• Make your most relevant experience and skills prominent to encourage the employer to read on.
  • Keep it to the point and concentrate on the quality of your achievements, not the quantity.
  • Be ruthless with yourself and keep it to a maximum of two pages. Only very senior and experienced executives have more than two pages.
  • Check thoroughly for correct spelling and grammar – spotting errors is a quick and easy way of weeding out weaker candidates when faced with a mountain of resumes to read.
  • Get a second opinion from someone you trust.
  • Submit the resume as requested in the job- email is often best.
  • Submit your resume in Word (Doc) format. Most word processors will allow you to “save as” using the file extension “.doc”


  • Leave any gaps in your work record – employers may assume the worst, for example that you were fired.
  • Lie – many employers check resume details for accuracy, including educational qualifications, places of study and the veracity of job references.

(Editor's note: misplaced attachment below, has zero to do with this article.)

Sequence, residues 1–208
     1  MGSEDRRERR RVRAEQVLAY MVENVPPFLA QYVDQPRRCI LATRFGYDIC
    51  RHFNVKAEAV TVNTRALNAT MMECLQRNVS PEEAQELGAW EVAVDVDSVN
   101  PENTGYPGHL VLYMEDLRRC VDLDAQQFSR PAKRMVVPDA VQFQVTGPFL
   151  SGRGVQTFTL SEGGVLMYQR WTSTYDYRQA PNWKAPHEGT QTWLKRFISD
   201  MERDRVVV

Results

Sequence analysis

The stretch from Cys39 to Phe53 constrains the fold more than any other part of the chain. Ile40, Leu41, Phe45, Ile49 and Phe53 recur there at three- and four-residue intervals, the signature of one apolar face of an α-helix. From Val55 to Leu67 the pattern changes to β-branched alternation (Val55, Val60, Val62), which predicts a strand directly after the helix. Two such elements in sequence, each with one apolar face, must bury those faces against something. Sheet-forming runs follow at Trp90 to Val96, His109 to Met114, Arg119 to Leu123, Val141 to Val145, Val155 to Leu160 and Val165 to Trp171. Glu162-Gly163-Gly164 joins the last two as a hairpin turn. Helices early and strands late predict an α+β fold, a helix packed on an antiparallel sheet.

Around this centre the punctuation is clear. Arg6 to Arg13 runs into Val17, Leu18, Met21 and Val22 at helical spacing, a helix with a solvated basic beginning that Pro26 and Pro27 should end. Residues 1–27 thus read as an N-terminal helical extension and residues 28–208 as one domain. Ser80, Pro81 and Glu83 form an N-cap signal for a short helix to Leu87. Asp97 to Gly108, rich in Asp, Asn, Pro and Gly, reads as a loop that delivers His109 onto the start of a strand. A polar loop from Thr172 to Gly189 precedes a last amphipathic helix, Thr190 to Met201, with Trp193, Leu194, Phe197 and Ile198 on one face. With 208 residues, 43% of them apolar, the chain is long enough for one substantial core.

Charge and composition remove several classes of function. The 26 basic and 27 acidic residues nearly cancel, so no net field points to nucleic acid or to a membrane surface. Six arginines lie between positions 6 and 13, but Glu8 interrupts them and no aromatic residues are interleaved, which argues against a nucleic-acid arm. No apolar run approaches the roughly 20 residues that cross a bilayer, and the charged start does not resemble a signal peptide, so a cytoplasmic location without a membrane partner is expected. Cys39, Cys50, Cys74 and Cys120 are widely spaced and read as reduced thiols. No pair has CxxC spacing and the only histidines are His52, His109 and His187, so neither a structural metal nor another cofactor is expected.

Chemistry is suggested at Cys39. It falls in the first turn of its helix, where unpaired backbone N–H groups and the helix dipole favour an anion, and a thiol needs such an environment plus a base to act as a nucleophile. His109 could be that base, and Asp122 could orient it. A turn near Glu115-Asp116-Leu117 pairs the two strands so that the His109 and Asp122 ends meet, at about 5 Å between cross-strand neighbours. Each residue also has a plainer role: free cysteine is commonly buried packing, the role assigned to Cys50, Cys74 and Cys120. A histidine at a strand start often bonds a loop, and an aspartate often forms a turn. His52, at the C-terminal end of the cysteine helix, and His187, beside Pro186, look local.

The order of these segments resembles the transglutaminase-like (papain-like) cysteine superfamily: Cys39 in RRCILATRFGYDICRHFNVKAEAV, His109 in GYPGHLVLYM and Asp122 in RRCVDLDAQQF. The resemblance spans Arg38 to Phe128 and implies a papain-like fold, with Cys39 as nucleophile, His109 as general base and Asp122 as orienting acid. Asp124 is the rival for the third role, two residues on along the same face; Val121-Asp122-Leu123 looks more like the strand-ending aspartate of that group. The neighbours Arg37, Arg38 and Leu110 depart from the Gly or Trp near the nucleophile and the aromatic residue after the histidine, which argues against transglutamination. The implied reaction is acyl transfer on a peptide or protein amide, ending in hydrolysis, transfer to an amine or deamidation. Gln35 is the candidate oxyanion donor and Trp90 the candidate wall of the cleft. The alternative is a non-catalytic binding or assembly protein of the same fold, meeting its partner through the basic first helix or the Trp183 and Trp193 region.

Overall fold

• Include a photo unless you know the employer wants one.
  • Use elaborate fonts, spacing, formatting,  or colours – keep it simple. Many companies use an ATS (Applicant Tracking System), which usually don’t register anything fancy. Your resume could end up as a bunch of question marks!
  • Forget that your resume is just a tool for getting you an interview. It will not land you the job on its own: the rest is up to you.

For more advice about your trades resume, please submit your resume and we can suggest improvements.

Job search beyond the resume…

Network, Network, Network: The best part of using Red Seal is that we are networking full time and will be able to network for you even when you are at work. As trades recruiters we spend most of our time networking with the very people that are looking for your skills.